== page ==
During the period of instrumental records, the North Atlantic Oscillation (NAO) has strongly influenced inter-annual precipitation variations in the western Mediterranean, while some eastern parts of the basin have shown an anti-phase relationship in precipitation and atmospheric pressure. Here we explore how the NAO and other atmospheric circulation modes operated over the longer timescales of the Medieval Climate Anomaly (MCA) and Little Ice Age (LIA). High-resolution palaeolimnological evidence from opposite ends of the Mediterranean basin, supplemented by other palaeoclimate data, is used to track shifts in regional hydro-climatic conditions. Multiple geochemical, sedimentological, isotopic and palaeoecological proxies from Estanya and Montcortés lakes in northeast Spain and Nar lake in central Turkey have been cross-correlated at decadal time intervals since AD 900. These dryland lakes capture sensitively changes in precipitation/evaporation (P/E) balance by adjustments in water level and salinity, and are especially valuable for reconstructing variability over decadal-centennial timescales. Iberian lakes show lower water levels and higher salinities during the 11th to 13th centuries synchronous with the MCA and generally more humid conditions during the 'LIA' (15th-19th centuries). This pattern is also clearly evident in tree-ring records from Morocco and from marine cores in the western Mediterranean Sea. In the eastern Mediterranean, palaeoclimatic records from Turkey, Greece and the Levant show generally drier hydro-climatic conditions during the LIA and a wetter phase during the MCA. This implies that a bipolar climate see-saw has operated in the Mediterranean for the last 1100. years. However, while western Mediterranean aridity appears consistent with persistent positive NAO state during the MCA, the pattern is less clear in the eastern Mediterranean. Here the strongest evidence for higher winter season precipitation during the MCA comes from central Turkey in the northeastern sector of the Mediterranean basin. This in turn implies that the LIA/MCA hydro-climatic pattern in the Mediterranean was determined by a combination of different climate modes along with major physical geographical controls, and not by NAO forcing alone, or that the character of the NAO and its teleconnections have been non-stationary.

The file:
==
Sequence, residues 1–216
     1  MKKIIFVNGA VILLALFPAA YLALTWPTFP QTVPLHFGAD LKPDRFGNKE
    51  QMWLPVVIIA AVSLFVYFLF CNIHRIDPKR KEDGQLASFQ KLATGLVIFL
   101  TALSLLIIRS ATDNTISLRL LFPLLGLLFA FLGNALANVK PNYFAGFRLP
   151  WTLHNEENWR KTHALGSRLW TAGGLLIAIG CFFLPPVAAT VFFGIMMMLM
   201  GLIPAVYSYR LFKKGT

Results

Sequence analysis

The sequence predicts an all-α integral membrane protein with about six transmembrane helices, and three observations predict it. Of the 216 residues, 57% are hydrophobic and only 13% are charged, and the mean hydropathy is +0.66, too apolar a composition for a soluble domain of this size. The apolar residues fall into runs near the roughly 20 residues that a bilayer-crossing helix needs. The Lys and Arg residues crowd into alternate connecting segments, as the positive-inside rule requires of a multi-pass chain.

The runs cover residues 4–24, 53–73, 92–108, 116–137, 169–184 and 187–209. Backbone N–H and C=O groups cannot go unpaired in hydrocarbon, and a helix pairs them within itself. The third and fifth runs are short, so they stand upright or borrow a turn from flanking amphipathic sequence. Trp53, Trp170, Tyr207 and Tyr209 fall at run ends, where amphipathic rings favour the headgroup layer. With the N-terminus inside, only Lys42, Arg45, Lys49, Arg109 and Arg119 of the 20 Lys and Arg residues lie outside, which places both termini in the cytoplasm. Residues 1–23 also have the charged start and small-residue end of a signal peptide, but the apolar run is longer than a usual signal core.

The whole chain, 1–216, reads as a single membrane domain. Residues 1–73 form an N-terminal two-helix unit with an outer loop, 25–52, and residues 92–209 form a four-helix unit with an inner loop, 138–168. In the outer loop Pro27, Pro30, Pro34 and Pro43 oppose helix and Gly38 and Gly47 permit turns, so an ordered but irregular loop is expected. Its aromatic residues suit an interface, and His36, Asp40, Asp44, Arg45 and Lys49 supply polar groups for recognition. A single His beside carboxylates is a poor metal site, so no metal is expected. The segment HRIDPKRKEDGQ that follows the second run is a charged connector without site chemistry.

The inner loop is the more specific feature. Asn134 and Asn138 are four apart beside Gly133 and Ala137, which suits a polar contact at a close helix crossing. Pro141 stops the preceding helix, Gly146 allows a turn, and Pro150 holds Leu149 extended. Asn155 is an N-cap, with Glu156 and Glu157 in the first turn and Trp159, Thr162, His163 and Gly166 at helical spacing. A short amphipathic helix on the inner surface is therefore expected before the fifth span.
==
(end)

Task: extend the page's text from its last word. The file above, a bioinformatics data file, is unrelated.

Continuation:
Bibliographical noteFunding Information:
JL and EX were supported by the EU/FP6 project CIRCE (# 036961 ), the EU/FP7 project ACQWA (# 212250 ). JL acknowledges support by the Deutsche Forschungsgemeinschaft project PRIME ( LU1608/1-1, AOBJ: 568460 ) within the Priority Programme ‘INTERDYNAMIK’ and the project “Historical climatology of the Middle East based on Arabic sources back to ad 800” ( LU 1608/2-1 AOBJ 575150 ). This research has been partially funded by the Spanish InterMinistry of Science and Technology (CICYT) , through the projects GLOBALKARST ( CGL2009-08415 ) and GRACCIE-CONSOLIDER ( CSD2007-00067 ). AM also acknowledges the “Ramón y Cajal” postdoctoral programme for funding. MJ, JW and SA were supported by University of Plymouth research studentships. Research at Nar lake was supported by the British Institute in Ankara , the National Geographic fund and NERC . We thank Jane Reed and an anonymous reviewer for helpful comments, the Plymouth University cartographic unit and Andrea Toreti for the correlation maps and discussions.
Copyright 2012 Elsevier B.V., All rights reserved.
- Little Ice Age
- Medieval Climate Anomaly
- North Atlantic Oscillation
- Teleconnection patterns
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